Greater harm tends to be done to careers in science, where right/wrong judgements are harder. Stanley Pons and Martin Fleischmann, the University of Utah scientists who claimed to have located cold fusion in the late 1980s, became outcasts rather than Nobel candidates when their findings failed to stand up. Still unhappier was the fate of French scientist Rene Prosper Blondlot, who claimed in 1903 to have discovered a new form of radiation, N-rays (named after his home town of Nancy) in parallel with X-rays. His self-deception was unmasked when visiting physicist Robert Wood secretly removed a key element from his ray-detection device but found the team still claimed to detect the rays. Blondlot subsequently went mad.

Among social scientists, pioneering anthropologists appear to have been accident-prone, albeit in the long term. Bronislaw Malinowski was dead before it was suggested that his finding that Trobriand Islanders had no conception of procreation was not the result of ignorance, but of genteel reserve expressed by reluctance to discuss such matters with visitors.

Similarly, the attack on Margaret Mead's description of idyllically unrepressed adolescence in Samoa, and in particular the suggestion that her two main informants had deceived her, came after her death in 1979.

Malinowski continues to be regarded as a major figure in the discipline, with any errors far outweighed by his intellectual and methodological innovation.

That status may, however, escape the expert on Lappland whom THES columnist Laurie Taylor remembers showing off a metallic object he claimed was used by Lapp herders to skin reindeer, and then demonstrating how it was operated: "A visitor from Lancashire said that where he came from you had these objects on the steps to get mud off the bottom of your shoes. It wasn't a reindeer-skinner at all, but a bootscraper."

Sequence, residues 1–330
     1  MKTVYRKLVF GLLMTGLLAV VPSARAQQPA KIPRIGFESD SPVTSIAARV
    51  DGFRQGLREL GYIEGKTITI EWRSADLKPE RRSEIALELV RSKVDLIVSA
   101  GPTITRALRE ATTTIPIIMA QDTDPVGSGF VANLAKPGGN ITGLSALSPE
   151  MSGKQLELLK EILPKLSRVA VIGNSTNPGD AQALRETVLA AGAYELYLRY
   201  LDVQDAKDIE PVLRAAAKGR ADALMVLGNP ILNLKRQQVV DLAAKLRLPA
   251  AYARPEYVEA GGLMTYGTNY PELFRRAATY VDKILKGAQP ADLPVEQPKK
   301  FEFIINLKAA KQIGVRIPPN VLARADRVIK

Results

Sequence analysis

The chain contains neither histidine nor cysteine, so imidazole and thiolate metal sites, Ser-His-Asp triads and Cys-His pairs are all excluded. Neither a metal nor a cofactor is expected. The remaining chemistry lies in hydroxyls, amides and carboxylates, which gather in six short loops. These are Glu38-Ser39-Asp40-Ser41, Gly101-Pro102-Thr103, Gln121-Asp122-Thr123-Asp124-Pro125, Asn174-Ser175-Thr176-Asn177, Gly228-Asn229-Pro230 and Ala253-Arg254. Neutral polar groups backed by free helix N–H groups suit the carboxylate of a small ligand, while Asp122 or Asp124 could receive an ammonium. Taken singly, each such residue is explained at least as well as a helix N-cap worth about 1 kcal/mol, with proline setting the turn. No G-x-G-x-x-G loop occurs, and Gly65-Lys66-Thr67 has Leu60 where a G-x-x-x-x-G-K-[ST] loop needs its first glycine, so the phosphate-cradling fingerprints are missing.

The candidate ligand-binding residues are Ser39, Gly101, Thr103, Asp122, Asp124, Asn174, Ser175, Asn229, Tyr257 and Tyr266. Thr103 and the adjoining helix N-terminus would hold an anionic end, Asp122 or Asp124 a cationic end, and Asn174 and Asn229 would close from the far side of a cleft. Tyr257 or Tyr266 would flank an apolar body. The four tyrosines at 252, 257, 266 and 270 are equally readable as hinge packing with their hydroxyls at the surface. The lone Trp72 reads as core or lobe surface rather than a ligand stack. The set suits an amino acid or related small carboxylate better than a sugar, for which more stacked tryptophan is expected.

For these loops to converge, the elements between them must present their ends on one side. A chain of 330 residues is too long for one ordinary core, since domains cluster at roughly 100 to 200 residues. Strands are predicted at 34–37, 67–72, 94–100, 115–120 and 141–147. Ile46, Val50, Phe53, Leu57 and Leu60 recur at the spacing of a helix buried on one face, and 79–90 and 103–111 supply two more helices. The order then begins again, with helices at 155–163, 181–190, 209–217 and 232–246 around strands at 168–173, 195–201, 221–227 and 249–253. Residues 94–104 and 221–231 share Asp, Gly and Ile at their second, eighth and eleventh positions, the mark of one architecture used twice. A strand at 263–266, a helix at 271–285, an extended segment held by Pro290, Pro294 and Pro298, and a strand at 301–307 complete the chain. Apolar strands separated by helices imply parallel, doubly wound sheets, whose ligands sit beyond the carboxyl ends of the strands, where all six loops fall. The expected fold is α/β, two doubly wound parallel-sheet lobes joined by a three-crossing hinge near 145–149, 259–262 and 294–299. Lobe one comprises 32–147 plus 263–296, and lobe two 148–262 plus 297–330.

Social science also offers a prime example of the crushing of an academic reputation: Noam Chomsky's 1959 attack on the behaviourialist theories of B. F. Skinner. Taylor recalls: "Skinner had enormous prestige, and Chomsky demolished him overnight in this wonderfully clever, funny paper. It was a brilliant paper that was passed around my university like a samizdat , with people saying 'you must read this'. It was also enormously important intellectually, laying the ground for the development of cognitive psychology."

Yet being wrong, or discredited, has its uses. Would Chomsky have attained his insights without Skinner as a target to stimulate his thinking? Detecting and denouncing error is part of the intellectual process. As Ged Martin points out: "Some of the best teachers are people who are often wrong, because they stimulate students to learn. You don't want them treating everything as gospel, but to be saying 'So and so has got it wrong, becauseI.' You need to stimulate that sort of challenge in a university - and for that matter in a democracy."